Binoculars are another essential. Get the best pair you can afford and make sure that everyone in your group has a pair or there will be endless bickering over whose turn it is to get a closer look at that distant rhino.

A good field guide to the birds and animals is an excellent addition to your pack. Most guides will have one for guests to use, but it’s still nice to have your own.

Lightweight walking shoes are a good idea (and essential for anyone planning a walking safari). Hiking trousers and shorts are also worth having. They provide protection from the thorn bushes and sun and are comfortable to wear. Don’t forget to bring a fleece as it can be surprisingly cold during a sunrise safari. Sun hat, sunscreen and sunglasses are three other essentials.

If staying in up-market accommodation, it’s probably worth bringing a set of slightly smarter clothes for evening dinner.

What to pack for a safari in South Africa

With fluctuating temperatures — hot and sunny during the day, cold at night — layering is your best option. Some things to consider bringing include:

  • T-shirts or shirts — bring some longsleeve ones to combat mosquito and the sun
  • Lightweight fleece/jacket
  • Safari/combat trousers
  • Shorts
  • Broken in walking/hiking shoes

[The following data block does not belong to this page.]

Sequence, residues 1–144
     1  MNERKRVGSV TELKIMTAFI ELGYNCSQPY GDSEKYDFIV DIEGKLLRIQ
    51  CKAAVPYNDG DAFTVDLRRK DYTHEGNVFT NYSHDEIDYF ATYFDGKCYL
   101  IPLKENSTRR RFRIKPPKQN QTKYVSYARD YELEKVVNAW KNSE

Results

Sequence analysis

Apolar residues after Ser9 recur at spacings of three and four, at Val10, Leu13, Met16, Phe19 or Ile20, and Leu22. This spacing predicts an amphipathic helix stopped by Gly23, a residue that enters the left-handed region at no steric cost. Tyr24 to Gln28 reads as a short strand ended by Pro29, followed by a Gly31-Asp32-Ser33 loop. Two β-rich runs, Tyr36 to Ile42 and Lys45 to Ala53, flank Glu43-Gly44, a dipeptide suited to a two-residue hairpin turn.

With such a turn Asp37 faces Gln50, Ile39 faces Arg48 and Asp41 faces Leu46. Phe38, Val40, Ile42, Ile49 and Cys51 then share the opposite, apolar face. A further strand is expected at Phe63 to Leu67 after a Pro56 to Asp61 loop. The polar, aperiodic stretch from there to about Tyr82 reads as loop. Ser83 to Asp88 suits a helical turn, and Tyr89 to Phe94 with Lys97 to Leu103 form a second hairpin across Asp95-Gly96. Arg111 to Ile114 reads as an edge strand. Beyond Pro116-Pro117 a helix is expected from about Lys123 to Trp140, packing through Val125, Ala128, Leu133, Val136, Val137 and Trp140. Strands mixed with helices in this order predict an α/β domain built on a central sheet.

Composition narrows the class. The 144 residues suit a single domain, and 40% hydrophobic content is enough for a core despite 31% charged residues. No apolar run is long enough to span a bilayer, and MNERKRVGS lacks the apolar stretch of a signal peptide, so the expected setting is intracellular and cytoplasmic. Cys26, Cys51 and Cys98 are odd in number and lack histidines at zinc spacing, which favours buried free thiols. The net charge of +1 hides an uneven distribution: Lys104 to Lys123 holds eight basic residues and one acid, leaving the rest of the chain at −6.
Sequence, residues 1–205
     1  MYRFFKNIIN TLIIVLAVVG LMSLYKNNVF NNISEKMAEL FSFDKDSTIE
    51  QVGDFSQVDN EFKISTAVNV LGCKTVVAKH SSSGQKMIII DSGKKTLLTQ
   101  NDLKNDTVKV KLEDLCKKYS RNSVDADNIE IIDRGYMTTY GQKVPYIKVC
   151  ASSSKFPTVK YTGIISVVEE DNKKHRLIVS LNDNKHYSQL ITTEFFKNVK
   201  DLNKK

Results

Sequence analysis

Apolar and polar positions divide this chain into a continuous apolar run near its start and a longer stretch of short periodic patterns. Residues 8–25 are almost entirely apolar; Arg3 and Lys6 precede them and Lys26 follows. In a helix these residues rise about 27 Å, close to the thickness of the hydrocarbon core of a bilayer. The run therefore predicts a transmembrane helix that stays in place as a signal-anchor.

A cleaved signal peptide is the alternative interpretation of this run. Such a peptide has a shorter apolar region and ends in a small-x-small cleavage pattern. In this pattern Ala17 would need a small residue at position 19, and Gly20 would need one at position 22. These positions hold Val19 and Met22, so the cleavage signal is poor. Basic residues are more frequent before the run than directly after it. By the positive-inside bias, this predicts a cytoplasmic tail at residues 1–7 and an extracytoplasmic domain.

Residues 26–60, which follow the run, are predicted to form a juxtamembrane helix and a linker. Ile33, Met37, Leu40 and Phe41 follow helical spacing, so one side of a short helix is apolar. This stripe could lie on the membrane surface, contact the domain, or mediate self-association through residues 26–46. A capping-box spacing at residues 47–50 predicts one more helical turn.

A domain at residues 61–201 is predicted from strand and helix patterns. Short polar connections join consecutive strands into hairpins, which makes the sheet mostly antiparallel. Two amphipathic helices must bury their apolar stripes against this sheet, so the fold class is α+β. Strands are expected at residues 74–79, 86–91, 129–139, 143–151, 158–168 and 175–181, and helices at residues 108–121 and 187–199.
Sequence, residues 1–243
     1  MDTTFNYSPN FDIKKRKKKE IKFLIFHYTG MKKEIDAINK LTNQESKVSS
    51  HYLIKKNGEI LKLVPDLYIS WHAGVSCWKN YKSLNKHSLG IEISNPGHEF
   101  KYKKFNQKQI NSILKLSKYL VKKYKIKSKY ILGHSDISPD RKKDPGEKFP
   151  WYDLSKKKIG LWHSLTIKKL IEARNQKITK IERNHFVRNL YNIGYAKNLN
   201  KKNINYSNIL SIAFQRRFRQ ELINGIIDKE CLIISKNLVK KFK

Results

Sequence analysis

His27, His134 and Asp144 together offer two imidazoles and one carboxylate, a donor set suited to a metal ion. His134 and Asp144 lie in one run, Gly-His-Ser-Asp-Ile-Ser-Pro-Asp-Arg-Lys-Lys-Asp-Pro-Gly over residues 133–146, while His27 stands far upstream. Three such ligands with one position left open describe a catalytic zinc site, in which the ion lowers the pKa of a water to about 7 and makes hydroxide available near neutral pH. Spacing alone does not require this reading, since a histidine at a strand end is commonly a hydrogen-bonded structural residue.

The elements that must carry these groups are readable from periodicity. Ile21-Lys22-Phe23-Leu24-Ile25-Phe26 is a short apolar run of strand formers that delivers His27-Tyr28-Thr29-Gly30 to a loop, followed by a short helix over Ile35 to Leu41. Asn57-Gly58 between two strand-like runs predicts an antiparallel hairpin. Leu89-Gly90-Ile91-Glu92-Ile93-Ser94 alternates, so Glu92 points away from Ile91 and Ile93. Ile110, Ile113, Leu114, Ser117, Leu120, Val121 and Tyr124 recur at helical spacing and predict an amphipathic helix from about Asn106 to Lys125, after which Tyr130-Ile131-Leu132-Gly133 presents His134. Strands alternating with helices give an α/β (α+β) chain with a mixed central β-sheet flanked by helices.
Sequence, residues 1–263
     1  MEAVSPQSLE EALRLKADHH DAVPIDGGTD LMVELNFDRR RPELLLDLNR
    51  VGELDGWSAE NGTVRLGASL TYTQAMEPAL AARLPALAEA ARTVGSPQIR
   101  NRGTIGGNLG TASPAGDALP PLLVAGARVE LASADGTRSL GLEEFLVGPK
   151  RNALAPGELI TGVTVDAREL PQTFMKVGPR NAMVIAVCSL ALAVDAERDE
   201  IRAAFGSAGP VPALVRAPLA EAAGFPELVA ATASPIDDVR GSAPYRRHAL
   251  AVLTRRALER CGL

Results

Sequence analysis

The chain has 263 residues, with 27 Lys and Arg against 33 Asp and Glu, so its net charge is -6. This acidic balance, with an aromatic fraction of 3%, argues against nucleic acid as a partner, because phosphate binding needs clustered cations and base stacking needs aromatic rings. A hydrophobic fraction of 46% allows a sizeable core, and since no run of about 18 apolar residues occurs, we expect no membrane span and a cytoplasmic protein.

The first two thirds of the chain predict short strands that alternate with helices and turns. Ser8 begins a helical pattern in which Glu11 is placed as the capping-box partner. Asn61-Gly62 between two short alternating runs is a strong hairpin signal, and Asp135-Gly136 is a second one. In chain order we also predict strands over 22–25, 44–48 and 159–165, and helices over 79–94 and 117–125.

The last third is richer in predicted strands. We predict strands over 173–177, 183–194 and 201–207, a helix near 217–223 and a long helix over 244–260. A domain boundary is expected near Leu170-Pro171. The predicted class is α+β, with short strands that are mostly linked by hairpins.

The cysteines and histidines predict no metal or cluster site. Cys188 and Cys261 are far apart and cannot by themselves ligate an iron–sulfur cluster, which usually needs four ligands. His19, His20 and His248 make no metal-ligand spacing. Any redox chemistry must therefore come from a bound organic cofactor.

• Sunhat
  • Sunglasses
  • Sandals/flipflops for use in lodges/camps
  • Swimwear

Responsible safaris

A safari is a wonderful opportunity to experience nature on a grand scale. But although it’s easy to get swept up with the romance of it all, you shouldn’t forget that your presence has a direct impact on the ecosystem, for good and bad.

The upside of your safari is that the money you put into the system pays for conservation and helps keep the land protected and wild. Without wildlife tourism, there’s a very real chance that many of South Africa’s conservation zones would become, or remain, farmland with all the implications that has for a fragile ecosystem.

In addition, there are things you can do to make your impact is as positive as possible. Before booking with any safari company, camp or lodge, or even choosing the parks and reserves you wish to visit, take a look at the conservation and community projects they are involved with. Companies investing back into local communities and conservation projects often like to shout about it on their websites. And when you do book, remember to mention that their community projects were a factor in your decision. This will encourage further investment in such programmes.

Respect the wildlife

On safari, treat the wildlife with the respect it deserves. Getting too close to wildlife, approaching animals head-on or pursuing and encircling them is likely to disturb them and cause distress. Approach wildlife at an angle, which is less threatening than coming at animals head-on. Movements must be steady and predictable.

How close you can get depends on the species but in general, your presence shouldn’t alarm the animals, cause them to flee, or change their normal behaviour. If the animals appear disturbed, you should move away immediately.